JC Banks Minnesota Untied

J.C. Banks preparing to chip William Yarborough for Minnesota's second goal. Photo Jeremy Olson - digitalgopher.com

The Angle

We Finally Know What To Do With J.C. Banks

by on 30 June 2016

Two straight matches against better-than-NASL opposition have shown us one thing: J.C. Banks belongs in central midfield.

It hasn’t been the biggest problem Carl Craig or Manny Lagos have faced in the past year and a half. All the same, it’s been there, lingering. What to do with J.C. Banks?

When the Loons acquired him, the Milwaukee native was coming off a strong season with the Rochester Rhinos in USL. But with the Rhinos, Banks played as a center forward or a winger. In Minnesota, he was behind Christian Ramirez and Pablo Campos in his preferred #9 position. On the wings, he competed against Daniel Mendes, Miguel Ibarra and Yago. This year, Stefano Pinho, Danny Cruz, and Lance Laing all pushed him further down the depth chart.

When Banks earned rare substitute appearances, he put in serviceable shifts. He scored twice in 560 minutes of action for Minnesota in 2015 (plus a goal in the USOC). He started four times and came off the bench on fifteen other occasions. His average appearance was about 29 minutes and 30 seconds. In 2016, due in part to the heavy competition, he’s been used less. Across five calls from the bench, Banks has played a total of 80 minutes.

Then came the US Open Cup match against Sporting Kansas City. Down a goal, Craig threw caution to the wind, withdrawing defensive midfielder Juliano Vicentini and inserting Banks. Suddenly, there he was, spraying deep incisive passes and connecting plays in the attacking third. It was a superb performance, and one that we took note of.

Coach Carl seemed to agree, starting Banks even further forward in the #10 role against Club León. The move paid off. Banks earned the Man of the Match award with his performance. He scored a wondergoal and was hugely involved in the Loons attack. After the match, Craig was full of praise. “That was the best game he’s played for us,” he said.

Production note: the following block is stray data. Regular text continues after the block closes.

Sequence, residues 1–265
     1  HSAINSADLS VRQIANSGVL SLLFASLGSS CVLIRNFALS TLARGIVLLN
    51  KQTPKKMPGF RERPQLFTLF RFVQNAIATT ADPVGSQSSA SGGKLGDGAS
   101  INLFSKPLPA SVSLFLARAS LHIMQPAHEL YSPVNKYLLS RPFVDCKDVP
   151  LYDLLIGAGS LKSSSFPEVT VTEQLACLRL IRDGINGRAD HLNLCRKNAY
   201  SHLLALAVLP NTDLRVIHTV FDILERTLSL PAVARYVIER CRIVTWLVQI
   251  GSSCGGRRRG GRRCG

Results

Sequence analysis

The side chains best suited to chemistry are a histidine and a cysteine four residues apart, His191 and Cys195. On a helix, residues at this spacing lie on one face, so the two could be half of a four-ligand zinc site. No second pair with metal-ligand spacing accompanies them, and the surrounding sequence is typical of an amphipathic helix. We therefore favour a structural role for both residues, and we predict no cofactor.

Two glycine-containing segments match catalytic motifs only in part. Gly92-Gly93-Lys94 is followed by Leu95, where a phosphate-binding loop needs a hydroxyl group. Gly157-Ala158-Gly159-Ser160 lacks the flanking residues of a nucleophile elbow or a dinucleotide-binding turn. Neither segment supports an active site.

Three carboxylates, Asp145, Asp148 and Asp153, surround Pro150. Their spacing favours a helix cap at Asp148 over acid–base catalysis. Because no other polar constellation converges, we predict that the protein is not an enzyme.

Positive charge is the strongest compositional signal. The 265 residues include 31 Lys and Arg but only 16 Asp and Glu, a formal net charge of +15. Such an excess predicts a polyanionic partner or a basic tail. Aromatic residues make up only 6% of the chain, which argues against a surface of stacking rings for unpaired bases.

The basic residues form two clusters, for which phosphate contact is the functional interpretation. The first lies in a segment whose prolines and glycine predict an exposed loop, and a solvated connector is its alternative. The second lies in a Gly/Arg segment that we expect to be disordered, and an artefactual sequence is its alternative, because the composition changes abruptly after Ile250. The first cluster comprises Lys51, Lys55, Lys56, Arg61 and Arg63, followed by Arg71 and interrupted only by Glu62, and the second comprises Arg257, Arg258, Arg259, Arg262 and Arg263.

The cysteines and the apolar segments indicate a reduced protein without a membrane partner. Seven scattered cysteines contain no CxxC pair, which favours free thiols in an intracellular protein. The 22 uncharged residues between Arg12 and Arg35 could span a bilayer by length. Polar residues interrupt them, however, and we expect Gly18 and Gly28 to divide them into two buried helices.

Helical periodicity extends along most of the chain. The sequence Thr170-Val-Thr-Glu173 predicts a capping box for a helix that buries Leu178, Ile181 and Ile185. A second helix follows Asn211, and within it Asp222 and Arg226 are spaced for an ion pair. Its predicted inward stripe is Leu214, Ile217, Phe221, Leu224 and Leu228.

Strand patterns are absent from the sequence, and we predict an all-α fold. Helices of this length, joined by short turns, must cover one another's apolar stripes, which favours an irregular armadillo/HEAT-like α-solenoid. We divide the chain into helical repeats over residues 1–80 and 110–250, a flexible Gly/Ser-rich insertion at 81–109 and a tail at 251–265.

Banks has a number of attributes which have proven extremely useful in central midfield. He’s obviously good with the ball at his feet, handy with a pass and a quick runner. But his best attribute has to be the way he finds open space.

Here’s an example. Witness his position at the top of the box as Christian Ramirez shoots.

Goal1

Here’s a screengrab a moment later, as Ramirez’s shot somehow skips past USMNT goalkeeper William Yarbrough.

Goal2

Johan Cruyff famously said that a footballer spends 3 minutes a game with the ball at his feet, and that it’s the other 87 minutes where you can find out if he’s any good or not. Apply that maxim to Banks here. Ramirez shoots and Banks continues his run. Had Yarbrough parried the shot, Banks is the only player on the field ready for the rebound. While León’s Liga-MX-caliber defenders were ball-watching, Banks was making his move.

Here’s another example. This is a screengrab from the moment where Danny Cruz is fouled by Sporting Kansas City defenders in the U.S. Open Cup.

Penalty1

Cruz was cutting into the box when he was scythed down. Had Cruz not been fouled, where was his best passing opportunity? The Loons outnumbered the Sporks 3 to 2 in making runs to the endline, but the angle is tough for the finish. Instead, the best look is to Banks, who we see here inside the semi-circle, making a late run to the penalty spot. The defenders to the right and left aren’t watching him. A cut-back to the wide-open Banks offers Minnesota a tremendous opportunity to score.

In his post-game press conference following the León match, Coach Craig summed up his view on J.C.’s play on the day, highlighting above all his ability to find space. “He still has work to do, he still causes me palpitations on occasions with how he defends,” he said. “But certainly his ability to get in those pockets…and what a lovely finish.”

At long last, it’s clear where J.C. Banks is best deployed. Well, it’s mostly clear. The question now becomes whether to play Banks as a #10 (CAM) or a #8 (CM).

 

MNUFCBanksXI2

Here, Banks subs on as a #10.

MNUFCBanksXI

Here he plays as a #8.

Against León, Banks operated in the advanced position. Against Kansas City, he played in the middle. The tricky part of this decision is that the #10 spot is already claimed by Ben Speas, who has shown his worth repeatedly for the Loons this year. As good as Banks has played, it’s hard to say he ought to play ahead of Speas.

So why not play them both, as in the Sporting Kansas City game? This is my preferred option, (the first chart) but it’s clear that Coach Craig worries about J.C.’s defending ability. If that’s a concern, why not leash Jeb(!) Brovsky more firmly to the defensive line and allow Banks to roam? The team has employed Ibson in a similar position and the Brazilian is hardly a better defensive option.

It may be that we’ll see both choices juggled by the coaching staff in the coming days. But between Banks, Speas and Ibson, the Loons cup overfloweth with attacking choices in central midfield. After Speas’s injury in the spring, the team struggled mightily to score. Too late to fix the spring, but better late than never, Minnesota appear to have finally found the additional central attacking option they so desperately needed.

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